11. Create Controller methods to handle our register, login, logout, and view-profile

Create a controller class (UserController) for these methods. To create the controller, run php artisan make:controller UserController

namespace App\Http\Controllers;
use Illuminate\Http\Request;
use App\Models\User;
use Auth;
use Validator;
use Illuminate\Support\Facades\Hash;

class UserController extends Controller
{
//

protected $user;

public function __construct(){
$this->middleware("auth:api",["except" => ["login","register"]]);
$this->user = new User;
}


public function register(Request $request){
$validator = Validator::make($request->all(),[
'name' => 'required|string',
'email' => 'required|string|unique:users',
'password' => 'required|min:6|confirmed',
]);
if($validator->fails()){
return response()->json([
'success' => false,
'message' => $validator->messages()->toArray()
], 500);
}

$data = [
"name" => $request->name,
"email" => $request->email,
"password" => Hash::make($request->password)
];

$this->user->create($data);

$responseMessage = "Registration Successful";

return response()->json([
'success' => true,
'message' => $responseMessage
], 200);

}

public function login(Request $request){
$validator = Validator::make($request->all(),[
'email' => 'required|string',
'password' => 'required|min:6',
]);

if($validator->fails()){
return response()->json([
'success' => false,
'message' => $validator->messages()->toArray()
], 500);
}

$credentials = $request->only(["email","password"]);
$user = User::where('email',$credentials['email'])->first();
if($user){
if(!auth()->attempt($credentials)){
$responseMessage = "Invalid username or password";
return response()->json([
"success" => false,
"message" => $responseMessage,
"error" => $responseMessage
], 422);
}
$accessToken = auth()->user()->createToken('authToken')->accessToken;
$responseMessage = "Login Successful";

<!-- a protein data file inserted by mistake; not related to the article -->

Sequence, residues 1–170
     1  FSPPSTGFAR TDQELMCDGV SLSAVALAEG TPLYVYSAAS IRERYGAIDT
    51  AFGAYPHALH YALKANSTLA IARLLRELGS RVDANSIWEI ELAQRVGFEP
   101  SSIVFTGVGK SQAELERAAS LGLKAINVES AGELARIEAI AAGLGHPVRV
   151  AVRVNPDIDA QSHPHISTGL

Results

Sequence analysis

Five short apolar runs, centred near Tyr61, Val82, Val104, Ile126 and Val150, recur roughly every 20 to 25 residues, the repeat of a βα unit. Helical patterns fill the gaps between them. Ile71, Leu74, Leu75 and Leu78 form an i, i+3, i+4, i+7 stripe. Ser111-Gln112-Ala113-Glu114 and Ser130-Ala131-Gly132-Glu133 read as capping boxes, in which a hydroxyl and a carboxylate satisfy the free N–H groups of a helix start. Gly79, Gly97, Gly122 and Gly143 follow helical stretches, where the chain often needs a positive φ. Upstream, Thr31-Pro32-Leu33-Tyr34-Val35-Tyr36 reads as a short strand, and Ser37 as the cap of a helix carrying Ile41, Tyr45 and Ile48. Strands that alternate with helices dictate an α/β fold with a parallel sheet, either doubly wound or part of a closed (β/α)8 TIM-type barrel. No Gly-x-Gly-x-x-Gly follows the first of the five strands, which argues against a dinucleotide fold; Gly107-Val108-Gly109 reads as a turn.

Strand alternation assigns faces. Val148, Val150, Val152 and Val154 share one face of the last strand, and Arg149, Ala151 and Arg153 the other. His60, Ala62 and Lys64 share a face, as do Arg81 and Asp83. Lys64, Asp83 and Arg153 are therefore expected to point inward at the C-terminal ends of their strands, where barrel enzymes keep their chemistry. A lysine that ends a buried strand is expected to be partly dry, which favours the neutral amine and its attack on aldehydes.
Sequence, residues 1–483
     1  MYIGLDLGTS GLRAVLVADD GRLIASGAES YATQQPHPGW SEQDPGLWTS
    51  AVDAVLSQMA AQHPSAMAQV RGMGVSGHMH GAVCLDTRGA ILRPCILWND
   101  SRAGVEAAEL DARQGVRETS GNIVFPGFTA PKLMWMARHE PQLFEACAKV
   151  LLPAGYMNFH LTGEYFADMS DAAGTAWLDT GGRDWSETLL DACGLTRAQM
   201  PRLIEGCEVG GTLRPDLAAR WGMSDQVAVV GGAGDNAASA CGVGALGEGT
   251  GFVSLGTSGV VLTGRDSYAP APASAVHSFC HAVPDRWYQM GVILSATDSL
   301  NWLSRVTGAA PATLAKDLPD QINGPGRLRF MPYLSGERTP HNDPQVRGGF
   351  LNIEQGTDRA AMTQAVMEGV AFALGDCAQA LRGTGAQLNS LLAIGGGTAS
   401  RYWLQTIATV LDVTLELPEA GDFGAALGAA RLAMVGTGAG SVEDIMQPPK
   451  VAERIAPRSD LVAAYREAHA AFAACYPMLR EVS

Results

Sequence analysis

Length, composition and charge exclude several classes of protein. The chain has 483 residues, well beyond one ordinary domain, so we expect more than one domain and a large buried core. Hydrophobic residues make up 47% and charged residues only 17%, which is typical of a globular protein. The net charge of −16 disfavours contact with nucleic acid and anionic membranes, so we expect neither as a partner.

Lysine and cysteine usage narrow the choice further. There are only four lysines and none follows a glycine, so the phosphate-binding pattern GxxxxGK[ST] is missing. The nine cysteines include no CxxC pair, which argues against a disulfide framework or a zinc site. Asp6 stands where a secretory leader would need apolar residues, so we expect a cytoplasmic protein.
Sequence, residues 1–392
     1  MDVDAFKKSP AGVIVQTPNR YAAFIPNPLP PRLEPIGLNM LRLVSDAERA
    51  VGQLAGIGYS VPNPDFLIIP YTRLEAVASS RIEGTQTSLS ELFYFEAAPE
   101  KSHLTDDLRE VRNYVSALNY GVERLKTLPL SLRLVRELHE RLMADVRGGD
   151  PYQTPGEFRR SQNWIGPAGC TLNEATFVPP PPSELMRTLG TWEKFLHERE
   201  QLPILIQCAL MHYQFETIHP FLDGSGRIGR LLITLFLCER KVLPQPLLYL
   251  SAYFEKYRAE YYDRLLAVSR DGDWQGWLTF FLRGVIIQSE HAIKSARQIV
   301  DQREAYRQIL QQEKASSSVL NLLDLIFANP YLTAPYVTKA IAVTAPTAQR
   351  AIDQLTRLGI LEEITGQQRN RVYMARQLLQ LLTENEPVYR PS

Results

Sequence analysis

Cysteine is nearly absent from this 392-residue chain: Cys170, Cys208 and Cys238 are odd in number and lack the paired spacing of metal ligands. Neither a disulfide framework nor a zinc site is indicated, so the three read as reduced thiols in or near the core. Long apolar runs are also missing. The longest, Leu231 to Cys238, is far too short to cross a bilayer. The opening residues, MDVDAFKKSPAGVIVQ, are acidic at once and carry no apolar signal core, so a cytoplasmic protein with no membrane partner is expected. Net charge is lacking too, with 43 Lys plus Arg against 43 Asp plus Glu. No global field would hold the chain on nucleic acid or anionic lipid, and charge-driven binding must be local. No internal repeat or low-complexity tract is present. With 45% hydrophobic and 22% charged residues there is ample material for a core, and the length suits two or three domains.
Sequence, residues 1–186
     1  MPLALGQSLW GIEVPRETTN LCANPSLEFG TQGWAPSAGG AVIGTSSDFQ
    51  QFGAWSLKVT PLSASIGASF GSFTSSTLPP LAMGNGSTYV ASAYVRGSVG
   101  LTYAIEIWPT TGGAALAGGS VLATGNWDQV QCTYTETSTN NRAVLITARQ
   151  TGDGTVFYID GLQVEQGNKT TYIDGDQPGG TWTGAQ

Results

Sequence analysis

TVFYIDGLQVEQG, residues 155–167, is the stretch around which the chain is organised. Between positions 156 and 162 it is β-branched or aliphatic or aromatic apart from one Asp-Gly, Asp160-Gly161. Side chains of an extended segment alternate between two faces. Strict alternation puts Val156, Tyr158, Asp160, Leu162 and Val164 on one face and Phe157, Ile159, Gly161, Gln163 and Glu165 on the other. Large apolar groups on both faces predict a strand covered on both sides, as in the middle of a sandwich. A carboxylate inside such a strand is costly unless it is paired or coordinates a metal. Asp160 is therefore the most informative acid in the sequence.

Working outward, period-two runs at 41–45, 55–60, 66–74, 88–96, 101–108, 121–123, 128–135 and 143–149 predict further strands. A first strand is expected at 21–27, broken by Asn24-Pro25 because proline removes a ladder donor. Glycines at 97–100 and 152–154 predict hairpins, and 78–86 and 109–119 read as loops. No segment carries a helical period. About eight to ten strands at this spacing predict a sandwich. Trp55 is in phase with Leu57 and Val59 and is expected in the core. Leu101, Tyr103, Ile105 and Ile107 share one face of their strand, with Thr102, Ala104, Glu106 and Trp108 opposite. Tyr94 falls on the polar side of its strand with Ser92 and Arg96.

return $this->respondWithToken($accessToken,$responseMessage,auth()->user());
}
else{
$responseMessage = "Sorry, this user does not exist";
return response()->json([
"success" => false,
"message" => $responseMessage,
"error" => $responseMessage
], 422);
}
}

public function viewProfile(){
$responseMessage = "user profile";
$data = Auth::guard("api")->user();
return response()->json([
"success" => true,
"message" => $responseMessage,
"data" => $data
], 200);
}

public function logout(){
$user = Auth::guard("api")->user()->token();
$user->revoke();
$responseMessage = "successfully logged out";
return response()->json([
'success' => true,
'message' => $responseMessage
], 200);
}
}

Import the User class, also import Auth, Validator and Hash for generating passwords. From the constructor, only login and register are the functions you can access without being logged in. Also, we declared variable $user and call it inside the constructor.

Register

We create a register function. In the function, we validate the request, hash the password from the request and create a new user.

Login

Next, we create the login function. We validate the input data as we did in the register function. After that, we obtain the credentials from our input (email and password in this case). Furthermore, we check if the user exist. If the user exist, we return with a success message. We then attempt login. If login is successful, we return with access token and a success response. If login is not successful, we return with a failure message.

View-profile

In the view-profile function, we target our guard and pick out the user within the guard. This gives us the details of the currently logged in user within the guard which we set as “api” in step 7 above. Since this method is not among the ones that we declared in our controller, this means the endpoint for this method will require access token to access it. You will see a demonstration of this very soon.

12. Start the Server After everything that we have implemented, it’s now time to start our laravel server. To do this, Run php artisan serve

13. Test on postman

We will now test our API endpoints on Postman. I tested mine already, and the outcomes are shown below.

Register

First, test the register endpoint, inputting the right details. You'll get a "registration successful" message

image.png

Login

On logging in, we get a login successful message and we also get the access token. This will allow us to access protected endpoints.

image.png

image.png

View-profile

To access protected endpoints such as view-profile, we use the access token as shown above. You add it to the authorization header and then, send the request. The outcome is shown below

image.png

That is it. Our backend (API service) is now complete. Next, we move to the frontend which will come in the second part of this tutorial.